Tragically, three workmen died, including two arborists in Milton who were killed when a tree fell on them and a worker who was electrocuted while clearing a downed power line.
Insurers claimed it was the costliest storm in five years and total economic losses were estimated at upwards of $1 billion, with insurers paying out $622 million in 69,000 claims with more than 90% in Ontario.
5. Ottawa-Gatineau tornadoes on summer’s last day
On September 21, the final day of summer, a severe thunderstorm produced a tornado between 4:40 pm and 5:20 pm, which damaged and destroyed numerous buildings, overturned vehicles and snapped trees and hydro poles.
Multiple injuries were reported, including several that were critically injured. The preliminary assessment of the environment indicated that the tornado was a high-end EF-3 (Enhanced Fujita) and that wind speeds reached 265 km/h, ranking it as the strongest tornado to hit eastern Ontario since 1903.
More noteworthy, it was the strongest storm to strike anywhere in Canada during September in 120 years.
6. Spring flooding throughout southern British Columbia
For the second year in a row, widespread flooding threatened communities in southern BC along the Okanagan, Kettle and Fraser rivers.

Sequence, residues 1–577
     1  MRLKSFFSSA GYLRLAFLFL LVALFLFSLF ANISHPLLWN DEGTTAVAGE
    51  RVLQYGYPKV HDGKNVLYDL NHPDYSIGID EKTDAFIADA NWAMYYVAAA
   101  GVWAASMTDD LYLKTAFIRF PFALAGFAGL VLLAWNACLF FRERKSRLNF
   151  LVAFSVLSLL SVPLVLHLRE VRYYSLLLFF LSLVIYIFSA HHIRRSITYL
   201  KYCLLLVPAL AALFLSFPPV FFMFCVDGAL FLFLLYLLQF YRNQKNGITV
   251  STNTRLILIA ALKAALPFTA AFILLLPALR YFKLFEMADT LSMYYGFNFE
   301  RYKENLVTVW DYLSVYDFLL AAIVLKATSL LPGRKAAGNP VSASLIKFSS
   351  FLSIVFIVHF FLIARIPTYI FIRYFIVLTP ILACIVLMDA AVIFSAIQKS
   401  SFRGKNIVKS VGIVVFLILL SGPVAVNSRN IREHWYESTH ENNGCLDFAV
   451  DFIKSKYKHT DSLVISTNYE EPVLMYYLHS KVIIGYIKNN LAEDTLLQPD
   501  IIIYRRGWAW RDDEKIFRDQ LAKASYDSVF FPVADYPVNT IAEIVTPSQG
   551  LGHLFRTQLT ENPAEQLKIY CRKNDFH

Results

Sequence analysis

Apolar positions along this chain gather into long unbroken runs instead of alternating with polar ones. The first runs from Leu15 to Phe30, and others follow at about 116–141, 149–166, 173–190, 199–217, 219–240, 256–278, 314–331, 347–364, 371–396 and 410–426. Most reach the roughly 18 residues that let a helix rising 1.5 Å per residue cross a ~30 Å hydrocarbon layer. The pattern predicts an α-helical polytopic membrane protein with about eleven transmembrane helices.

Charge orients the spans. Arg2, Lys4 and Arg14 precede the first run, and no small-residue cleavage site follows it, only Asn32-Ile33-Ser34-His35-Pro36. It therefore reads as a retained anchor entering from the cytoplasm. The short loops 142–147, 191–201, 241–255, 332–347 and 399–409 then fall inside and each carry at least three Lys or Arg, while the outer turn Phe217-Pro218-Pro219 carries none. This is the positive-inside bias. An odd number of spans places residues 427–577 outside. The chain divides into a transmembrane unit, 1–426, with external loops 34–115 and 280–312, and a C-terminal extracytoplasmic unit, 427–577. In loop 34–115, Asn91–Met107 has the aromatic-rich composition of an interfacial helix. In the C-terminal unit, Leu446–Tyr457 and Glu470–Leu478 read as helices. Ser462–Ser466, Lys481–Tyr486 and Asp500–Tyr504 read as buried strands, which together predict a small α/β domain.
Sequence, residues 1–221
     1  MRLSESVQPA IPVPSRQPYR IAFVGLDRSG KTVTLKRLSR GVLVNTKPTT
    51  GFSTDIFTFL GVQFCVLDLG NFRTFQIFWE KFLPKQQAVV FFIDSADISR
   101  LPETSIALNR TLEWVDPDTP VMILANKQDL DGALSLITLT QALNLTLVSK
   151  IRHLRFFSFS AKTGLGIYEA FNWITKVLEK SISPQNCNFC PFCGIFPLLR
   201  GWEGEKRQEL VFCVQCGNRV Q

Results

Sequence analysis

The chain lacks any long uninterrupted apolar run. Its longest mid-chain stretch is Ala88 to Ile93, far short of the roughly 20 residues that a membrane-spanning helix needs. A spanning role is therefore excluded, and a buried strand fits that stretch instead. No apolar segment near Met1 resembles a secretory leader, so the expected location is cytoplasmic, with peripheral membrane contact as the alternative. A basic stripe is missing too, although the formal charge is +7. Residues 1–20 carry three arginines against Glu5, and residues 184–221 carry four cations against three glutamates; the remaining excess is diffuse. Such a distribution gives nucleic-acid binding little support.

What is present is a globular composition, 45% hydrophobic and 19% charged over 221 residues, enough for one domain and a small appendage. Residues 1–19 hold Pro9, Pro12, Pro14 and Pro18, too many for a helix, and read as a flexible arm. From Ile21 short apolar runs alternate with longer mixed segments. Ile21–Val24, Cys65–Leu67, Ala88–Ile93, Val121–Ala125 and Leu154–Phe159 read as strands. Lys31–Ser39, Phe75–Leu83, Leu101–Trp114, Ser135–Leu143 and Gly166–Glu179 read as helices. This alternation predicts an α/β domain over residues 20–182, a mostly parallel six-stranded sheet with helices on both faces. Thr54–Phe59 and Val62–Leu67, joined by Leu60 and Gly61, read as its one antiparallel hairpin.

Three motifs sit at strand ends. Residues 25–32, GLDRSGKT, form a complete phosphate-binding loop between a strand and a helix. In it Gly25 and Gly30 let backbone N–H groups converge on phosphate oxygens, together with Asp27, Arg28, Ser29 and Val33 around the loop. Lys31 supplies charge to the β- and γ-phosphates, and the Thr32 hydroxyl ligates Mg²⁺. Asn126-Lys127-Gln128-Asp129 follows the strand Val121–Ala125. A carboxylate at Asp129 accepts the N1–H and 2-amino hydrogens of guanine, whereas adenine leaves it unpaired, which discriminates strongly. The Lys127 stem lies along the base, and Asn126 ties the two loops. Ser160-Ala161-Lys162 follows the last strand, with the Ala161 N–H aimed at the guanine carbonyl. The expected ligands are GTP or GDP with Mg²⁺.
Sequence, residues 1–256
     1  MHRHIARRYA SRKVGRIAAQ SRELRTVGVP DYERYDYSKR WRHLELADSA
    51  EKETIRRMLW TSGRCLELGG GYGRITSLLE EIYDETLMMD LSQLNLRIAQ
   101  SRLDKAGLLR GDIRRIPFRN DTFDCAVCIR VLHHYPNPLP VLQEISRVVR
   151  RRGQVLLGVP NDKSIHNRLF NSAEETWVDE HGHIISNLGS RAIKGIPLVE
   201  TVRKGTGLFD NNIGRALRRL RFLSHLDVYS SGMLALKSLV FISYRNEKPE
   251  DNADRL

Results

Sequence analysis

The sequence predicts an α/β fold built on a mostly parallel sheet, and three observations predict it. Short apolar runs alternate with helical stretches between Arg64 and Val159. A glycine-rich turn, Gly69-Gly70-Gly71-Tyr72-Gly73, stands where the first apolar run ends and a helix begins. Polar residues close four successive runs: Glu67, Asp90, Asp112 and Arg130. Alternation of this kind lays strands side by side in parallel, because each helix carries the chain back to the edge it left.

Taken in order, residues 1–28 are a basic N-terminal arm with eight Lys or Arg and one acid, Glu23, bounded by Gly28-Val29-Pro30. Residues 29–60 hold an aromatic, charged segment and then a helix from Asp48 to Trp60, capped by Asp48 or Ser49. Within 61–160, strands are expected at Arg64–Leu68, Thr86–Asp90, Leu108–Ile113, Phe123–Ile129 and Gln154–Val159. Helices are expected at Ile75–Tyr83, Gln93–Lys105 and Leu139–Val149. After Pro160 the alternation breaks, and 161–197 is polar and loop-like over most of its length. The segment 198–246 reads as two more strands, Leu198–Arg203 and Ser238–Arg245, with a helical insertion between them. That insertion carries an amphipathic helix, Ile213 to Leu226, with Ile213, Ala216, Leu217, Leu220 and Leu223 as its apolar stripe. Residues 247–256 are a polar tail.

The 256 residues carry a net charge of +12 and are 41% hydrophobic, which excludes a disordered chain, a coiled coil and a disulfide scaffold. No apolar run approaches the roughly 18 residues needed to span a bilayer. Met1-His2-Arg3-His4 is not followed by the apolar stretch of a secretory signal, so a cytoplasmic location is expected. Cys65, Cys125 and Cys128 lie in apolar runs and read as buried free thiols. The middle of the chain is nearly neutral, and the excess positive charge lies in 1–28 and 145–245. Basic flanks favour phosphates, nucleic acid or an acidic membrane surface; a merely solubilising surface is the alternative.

“A snowy winter, an early wet spring and record high late-spring temperatures combined to produce a later-than-usual run-off.”
In May, above seasonal temperatures promoted around-the-clock snowmelt, which was followed by scattered showers and thunderstorms which worsened the situation.
Water rose in river courses to levels not seen in more than half a century, causing devastating floods and forcing thousands of residents to leave their homes.
Nearly 5,000 residents were evacuated and another 7,000 were on standby to leave home, as states of emergency came into effect across the Interior.
7. Fast flooding on the Saint John River
Every spring, flooding along the Saint John River is normal, with sandbagging, evacuations and clean-ups pretty much always expected, according to Environment Canada.